September 14, 2020 - 4:56 pm
Updated September 15, 2020 - 9:54 am
Excerpted from ELWAY: A Relentless Life by Jason Cole. Copyright © 2020. Available from Hachette Books, an imprint of Hachette Book Group, Inc.
NFL commissioner Pete Rozelle was in the winter of his discontent in 1983.
He desperately needed Elway in the NFL, but not so desperately Elway could play for Al Davis and the Los Angeles Raiders. Depending on whom you believe, Elway was very nearly a member of the Raiders until Rozelle and the NFL nixed the deal. That was a bold move by a commissioner who was very much backed into a corner at the time.
By March 1983, Rozelle was dealing with a host of major problems. First, the NFL was still recovering from a player strike that cost the league seven weeks in the middle of the 1982 season, resulting in an abbreviated nine-game schedule for every team. That strike had undercut public confidence in the sport and threatened to impact the league’s television contracts.
Second, Baltimore Colts quarterback Art Schlichter had just admitted to gambling on sports, creating a huge black eye for the NFL. Schlichter was supposed to be a rising star. He had been the number four pick in the 1982 draft by the Colts, who hoped he would replace the great Bert Jones. Schlichter racked up more than $700,000 in gambling debts and turned himself in to the Federal Bureau of Investigation rather than fear the wrath of bookies who might force him to throw games.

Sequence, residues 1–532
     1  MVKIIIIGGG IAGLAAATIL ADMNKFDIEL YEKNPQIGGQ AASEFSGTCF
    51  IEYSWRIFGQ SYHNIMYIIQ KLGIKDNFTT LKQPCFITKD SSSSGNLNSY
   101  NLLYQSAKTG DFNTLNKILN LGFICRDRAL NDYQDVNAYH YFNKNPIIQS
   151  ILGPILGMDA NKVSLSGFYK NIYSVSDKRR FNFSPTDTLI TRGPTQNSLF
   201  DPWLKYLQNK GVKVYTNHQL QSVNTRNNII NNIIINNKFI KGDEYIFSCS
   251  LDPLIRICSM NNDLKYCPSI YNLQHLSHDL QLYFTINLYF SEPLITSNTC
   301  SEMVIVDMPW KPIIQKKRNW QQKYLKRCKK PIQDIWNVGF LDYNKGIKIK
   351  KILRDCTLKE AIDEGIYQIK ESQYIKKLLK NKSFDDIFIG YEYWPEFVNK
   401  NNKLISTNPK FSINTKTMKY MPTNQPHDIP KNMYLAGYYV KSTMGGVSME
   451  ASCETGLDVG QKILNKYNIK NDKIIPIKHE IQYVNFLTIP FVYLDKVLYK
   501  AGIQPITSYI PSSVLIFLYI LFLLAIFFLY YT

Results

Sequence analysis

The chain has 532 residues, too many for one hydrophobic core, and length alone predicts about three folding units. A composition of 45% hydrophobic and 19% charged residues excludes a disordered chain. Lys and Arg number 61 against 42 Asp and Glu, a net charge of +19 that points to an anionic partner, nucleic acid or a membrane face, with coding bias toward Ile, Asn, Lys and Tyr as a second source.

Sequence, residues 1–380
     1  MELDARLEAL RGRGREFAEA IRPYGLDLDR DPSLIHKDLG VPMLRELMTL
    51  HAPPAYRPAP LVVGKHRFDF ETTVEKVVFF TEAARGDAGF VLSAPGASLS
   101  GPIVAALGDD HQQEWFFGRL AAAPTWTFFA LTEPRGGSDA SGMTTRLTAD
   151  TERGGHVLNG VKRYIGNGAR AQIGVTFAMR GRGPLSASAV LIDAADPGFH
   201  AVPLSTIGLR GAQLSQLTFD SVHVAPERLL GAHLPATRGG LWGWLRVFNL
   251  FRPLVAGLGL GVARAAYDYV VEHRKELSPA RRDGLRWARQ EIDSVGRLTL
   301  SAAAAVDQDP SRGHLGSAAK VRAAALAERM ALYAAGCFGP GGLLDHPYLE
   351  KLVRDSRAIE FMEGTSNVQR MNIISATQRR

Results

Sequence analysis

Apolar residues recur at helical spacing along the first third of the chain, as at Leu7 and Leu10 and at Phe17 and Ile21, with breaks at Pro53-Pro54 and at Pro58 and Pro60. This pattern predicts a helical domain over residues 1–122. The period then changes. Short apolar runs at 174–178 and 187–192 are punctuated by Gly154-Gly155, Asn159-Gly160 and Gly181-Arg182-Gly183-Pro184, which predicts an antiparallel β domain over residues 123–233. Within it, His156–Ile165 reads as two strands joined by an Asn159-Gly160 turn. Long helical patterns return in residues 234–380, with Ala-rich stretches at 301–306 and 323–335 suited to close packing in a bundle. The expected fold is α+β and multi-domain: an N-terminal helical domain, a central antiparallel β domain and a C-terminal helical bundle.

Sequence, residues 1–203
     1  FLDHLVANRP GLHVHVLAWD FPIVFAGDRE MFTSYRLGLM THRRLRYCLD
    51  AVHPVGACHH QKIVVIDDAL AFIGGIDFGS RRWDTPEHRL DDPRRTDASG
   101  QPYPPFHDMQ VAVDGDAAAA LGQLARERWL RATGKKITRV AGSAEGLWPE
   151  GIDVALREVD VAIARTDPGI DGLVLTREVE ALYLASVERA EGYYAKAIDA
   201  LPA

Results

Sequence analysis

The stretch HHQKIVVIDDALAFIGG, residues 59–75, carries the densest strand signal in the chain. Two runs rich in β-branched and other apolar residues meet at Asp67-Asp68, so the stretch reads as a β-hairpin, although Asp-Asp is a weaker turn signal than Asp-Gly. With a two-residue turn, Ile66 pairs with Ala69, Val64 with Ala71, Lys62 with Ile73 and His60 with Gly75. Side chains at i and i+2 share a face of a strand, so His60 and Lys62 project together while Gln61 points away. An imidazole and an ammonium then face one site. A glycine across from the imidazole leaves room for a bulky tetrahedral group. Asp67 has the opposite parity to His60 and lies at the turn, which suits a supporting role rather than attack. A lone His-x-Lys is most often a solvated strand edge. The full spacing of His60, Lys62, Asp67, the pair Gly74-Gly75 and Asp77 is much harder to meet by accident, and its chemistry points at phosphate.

Schlichter’s gambling not only caused Baltimore to pursue Elway with the number one overall pick, but it also added insult to its winless 0–8–1 season in 1982, which was preceded by a 2–14 record in 1981. As much as the Colts were an embarrassment on the field, they were worse off it. Team owner Robert Irsay was warring with Baltimore city officials about wanting a new stadium to replace decrepit Memorial Stadium, a sixty-year-old facility that was so cockroach infested that players would shake their clothes before getting dressed. Irsay had no tact and completely alienated himself from the city. In 1984, he infamously moved the team in the middle of the night, which served as de facto proof of why Elway didn’t want to play for him.
Rozelle’s third problem was the upstart US Football League. On April 6, 1983, the USFL opened play and was aggressively challenging the NFL. Heisman Trophy winner Herschel Walker, veteran NFL quarterback Doug Williams, and three future Hall of Famers (quarterbacks Steve Young and Jim Kelly and defensive end Reggie White) were among a host of star players who had signed or would soon sign with the USFL. The USFL also eventually had a flamboyant owner who wanted to do nothing more than irk the NFL. Donald Trump was quite the showman in the 1980s and, as it turned out, well beyond.